The syndrome is named after a French neurologist, Jules Cotard who first described the condition in 1880. Cotard described a patient who denied the existence of God, the Devil, several parts of her body, and her need to eat. She believed that she was eternally damned and could not die a natural death. She later died of starvation.

12. Depersonalization disorder - when life is like watching a demo clip of a video game, instead of playing it yourself.
It is a dissociative disorder in which the sufferer is affected by persistent or recurrent feelings of depersonalization and/or derealization. The sufferers feel like they are going through the motions of life but don't experience it and feel as if they are in a movie. They feel disconnected from their bodies and find relating oneself to reality and the environment very difficult.
Remember that occasional moments of depersonalization are totally normal.

 13. Reduplicative paramnesia - "They have moved me into another house, although they made it look just like mine, I know it's just a duplicate"
It is a rare delusional belief that a place or location has been duplicated, existing in two or more places in the same time, or has been relocated to another site.
It is associated with brain injuries.

14. Pica - "Oh wow, that rock looks delicious!"
It's an strange eating disorder where a sufferer will consume things that are not considered nutritive nor edible. They may consume rocks, hair, dirt, buttons and so on. Pica can lead to surgical emergencies and intoxication.
Pica can be from a cultural tradition, acquired taste or a neurological mechanism such as an iron deficiency, or chemical imbalance. Pica has also been linked to mental disability.
Pica is named after the Latin word for magpie, a bird, that is known to eat almost anything.

18 comments:

Vague Raconteur said...

I loved this read. The Cotard delusion seems the most interesting to me - I wonder how many people have it these days?

Etaron said...

Wow, didn't know about most of this! Nice post, thank's for sharing :)

qdb said...

While reading the article I realized I suffer from at least 3 disorders and might have contracted a 4th :)

Automobile Accident Attorney said...

I have heard of the 1st one before where the kidnapped doesn't want to leave the kidnapper. It's quite an odd predicament.

Live Streaming Software said...

Very interesting, particularly the depersonalization disorder and reduplicative amnesia. Thanks for the post :)

One said...

Interesting list! I knew about the Capgras delusion (and how incredibly dangerous it can be - the supposed impostors tend to get killed), but I had never heard of the Fregoli delusion. That's weird!

John Ernest said...

This is very interesting but I feel a bit scared while reading this. I feel like it would really suck if you have one of these disorders and it can impair your social, professional, and personal life.

The Stationery Suite said...

Wow. Great list and great blog. I've heard of a few of these. Always appreciate learning something new. Great read.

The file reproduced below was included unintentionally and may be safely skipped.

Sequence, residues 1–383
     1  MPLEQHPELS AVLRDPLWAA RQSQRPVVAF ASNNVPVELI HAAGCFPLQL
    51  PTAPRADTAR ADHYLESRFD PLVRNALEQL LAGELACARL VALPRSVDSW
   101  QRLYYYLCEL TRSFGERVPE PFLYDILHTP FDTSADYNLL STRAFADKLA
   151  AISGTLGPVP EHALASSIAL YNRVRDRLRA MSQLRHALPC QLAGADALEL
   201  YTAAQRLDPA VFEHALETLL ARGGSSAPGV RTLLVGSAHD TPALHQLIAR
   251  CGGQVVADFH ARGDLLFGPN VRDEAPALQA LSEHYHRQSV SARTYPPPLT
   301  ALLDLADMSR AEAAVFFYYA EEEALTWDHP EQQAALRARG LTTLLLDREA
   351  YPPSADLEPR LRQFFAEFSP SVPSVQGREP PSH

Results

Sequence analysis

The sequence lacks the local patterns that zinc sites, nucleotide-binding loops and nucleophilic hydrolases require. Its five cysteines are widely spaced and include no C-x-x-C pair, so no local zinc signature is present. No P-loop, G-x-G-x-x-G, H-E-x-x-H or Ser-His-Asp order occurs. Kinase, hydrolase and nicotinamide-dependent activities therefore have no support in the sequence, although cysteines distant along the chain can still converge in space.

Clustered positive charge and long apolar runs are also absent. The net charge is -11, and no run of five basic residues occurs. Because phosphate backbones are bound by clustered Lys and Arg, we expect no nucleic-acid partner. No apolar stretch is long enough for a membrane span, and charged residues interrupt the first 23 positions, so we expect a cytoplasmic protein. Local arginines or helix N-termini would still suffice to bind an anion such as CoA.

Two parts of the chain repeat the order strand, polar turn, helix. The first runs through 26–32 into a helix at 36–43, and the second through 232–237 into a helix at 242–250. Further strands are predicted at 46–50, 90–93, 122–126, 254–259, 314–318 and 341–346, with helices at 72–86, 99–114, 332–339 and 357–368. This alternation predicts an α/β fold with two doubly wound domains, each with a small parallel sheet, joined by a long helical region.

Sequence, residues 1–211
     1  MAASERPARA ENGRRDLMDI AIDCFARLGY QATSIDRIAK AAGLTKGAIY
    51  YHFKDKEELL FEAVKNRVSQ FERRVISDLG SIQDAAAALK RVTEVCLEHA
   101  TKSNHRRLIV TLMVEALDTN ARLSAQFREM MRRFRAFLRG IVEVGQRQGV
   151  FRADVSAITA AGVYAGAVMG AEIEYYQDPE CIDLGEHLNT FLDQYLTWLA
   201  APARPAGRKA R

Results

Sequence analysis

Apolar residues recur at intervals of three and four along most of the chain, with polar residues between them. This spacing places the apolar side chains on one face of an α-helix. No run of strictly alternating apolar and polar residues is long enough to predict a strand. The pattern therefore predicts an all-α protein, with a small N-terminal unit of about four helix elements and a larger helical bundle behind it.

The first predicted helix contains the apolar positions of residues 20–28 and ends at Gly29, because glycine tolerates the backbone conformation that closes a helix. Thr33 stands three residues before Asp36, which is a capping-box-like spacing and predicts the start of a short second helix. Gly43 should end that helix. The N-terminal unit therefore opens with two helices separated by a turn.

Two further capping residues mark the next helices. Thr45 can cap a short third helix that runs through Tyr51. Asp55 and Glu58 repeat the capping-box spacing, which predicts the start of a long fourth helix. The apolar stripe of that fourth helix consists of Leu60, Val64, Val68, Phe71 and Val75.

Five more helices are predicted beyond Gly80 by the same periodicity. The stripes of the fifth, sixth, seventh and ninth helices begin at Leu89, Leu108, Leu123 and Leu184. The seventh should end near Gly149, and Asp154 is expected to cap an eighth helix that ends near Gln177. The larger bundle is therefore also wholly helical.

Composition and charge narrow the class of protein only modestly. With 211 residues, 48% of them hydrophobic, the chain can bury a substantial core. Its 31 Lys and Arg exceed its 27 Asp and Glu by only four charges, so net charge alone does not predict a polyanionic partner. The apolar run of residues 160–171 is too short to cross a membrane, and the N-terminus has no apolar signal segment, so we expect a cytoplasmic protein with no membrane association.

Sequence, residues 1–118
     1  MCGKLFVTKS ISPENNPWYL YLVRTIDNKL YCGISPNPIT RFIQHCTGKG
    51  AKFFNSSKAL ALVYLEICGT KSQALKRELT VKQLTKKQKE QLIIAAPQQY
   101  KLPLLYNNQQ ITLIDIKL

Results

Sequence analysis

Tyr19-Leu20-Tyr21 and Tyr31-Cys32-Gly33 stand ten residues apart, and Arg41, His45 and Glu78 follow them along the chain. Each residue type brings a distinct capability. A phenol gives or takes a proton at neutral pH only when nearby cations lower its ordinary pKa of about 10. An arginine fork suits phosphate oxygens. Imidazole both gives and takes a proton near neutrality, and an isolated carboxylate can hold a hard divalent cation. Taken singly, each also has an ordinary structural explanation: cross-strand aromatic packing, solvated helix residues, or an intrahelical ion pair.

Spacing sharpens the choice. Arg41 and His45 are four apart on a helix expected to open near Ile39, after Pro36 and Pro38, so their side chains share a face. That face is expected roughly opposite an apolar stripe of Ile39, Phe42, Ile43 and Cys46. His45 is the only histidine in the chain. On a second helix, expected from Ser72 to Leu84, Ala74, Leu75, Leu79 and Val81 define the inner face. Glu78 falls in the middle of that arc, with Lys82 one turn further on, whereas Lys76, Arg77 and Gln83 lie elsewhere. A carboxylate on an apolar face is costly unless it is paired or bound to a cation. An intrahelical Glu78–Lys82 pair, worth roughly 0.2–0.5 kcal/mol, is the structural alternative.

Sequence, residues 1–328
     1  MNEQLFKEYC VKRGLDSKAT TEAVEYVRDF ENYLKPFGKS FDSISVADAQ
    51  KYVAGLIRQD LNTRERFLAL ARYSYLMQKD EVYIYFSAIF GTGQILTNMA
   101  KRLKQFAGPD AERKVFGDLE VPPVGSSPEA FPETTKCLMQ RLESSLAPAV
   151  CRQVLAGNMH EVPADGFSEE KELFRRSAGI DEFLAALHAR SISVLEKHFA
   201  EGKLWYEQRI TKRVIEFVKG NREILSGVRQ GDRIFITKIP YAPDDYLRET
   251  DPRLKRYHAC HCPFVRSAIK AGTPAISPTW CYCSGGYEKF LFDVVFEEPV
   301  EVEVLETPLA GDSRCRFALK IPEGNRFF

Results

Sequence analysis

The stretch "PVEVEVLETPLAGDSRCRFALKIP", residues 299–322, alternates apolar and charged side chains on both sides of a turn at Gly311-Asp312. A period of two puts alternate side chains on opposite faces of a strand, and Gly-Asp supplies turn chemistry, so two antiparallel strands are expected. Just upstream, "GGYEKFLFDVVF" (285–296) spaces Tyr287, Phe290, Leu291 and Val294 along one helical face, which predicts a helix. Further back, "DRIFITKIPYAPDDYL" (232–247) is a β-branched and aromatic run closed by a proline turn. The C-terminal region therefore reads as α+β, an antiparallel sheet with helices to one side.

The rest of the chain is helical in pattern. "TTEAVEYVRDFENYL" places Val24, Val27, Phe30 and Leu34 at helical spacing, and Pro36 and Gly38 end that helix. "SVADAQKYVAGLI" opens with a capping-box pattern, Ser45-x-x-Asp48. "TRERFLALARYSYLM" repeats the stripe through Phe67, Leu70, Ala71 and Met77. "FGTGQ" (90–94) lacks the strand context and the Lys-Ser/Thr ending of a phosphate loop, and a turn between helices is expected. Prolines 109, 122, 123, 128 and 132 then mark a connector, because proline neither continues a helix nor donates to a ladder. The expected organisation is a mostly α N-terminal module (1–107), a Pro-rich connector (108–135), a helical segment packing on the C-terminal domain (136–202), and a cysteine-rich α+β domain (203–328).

Charles Godfrey said...

It would suck to have reduplicative paramnesia and Capgras delusion at the same time, then you would be living in a copy of your house with a copy of your wife...

James said...

I really learn alot about the stange mental disorders, thank for such inormative post. keep up the good work.

Manabadi said...

Felt so interested in reading the above article and your recent article 7 Great and Free Online Psychology Tests and i too have presented same type of article on Online Degree Completion Programs

Anonymous said...

These are incredible.. feelings of depersonalization.. to be living a movie; this is interesting stuff :)

Jeff said...

This is great, never knew most of my problems had names!

Anonymous said...

These are all kind of shocking.. until you read about the possible causes for this behavior. Still though, a fascinating glimpse into the mind of people!

Garrett Scott said...

You know, I've got to say, as disturbing as some of these images are, especially the one for Capgras Delusion Theory, this is a fascinating article and a lot of the delusions that people have... well, it might sound bad to put it this way, but they make fantastic ideas to use for a story, so I'm definitely going to bookmark this to come back to!

Jay said...

I'm sure these have all been on House M.D...

Anonymous said...

Hahaha I know that at least depersonalization, alien hand syndrome and munchausen hav been used on house. Depersonalization was interesting, it was on the one where people who had donated organs from the same deceased person all got sick and the woman who was blind and received eyes or something related to being able to see was depressed because nothing looked nice, everything seemed stagnant until house found out and did the hero thing

Raven said...

It's interesting now knowing that there is a real disorder associated with my anxiety problem: Depersonalization disorder. I can go into what I call 'panic attick mode' for days, thinking that my life was a dream, or oddly enough- everyone and everything is imaginary, I am a scientific study, a brain in a tank hooked up to machine being studied and I am in a constant dream.
This all began after my first time smoking pot in high school.
About a week after I went to a doctor and was prescribed zoloft for anxiety. Didn't help the thoughts of being imaginary, but helped the, scaryness of it I suppose, eased my quickened heartrate.
I no longer suffer from this, I found focusing on something like reading or counting things helped/ (I wore a beaded bracelet for years to count when i started trippin' out)
This 'disorder' is not cool. It's frightening.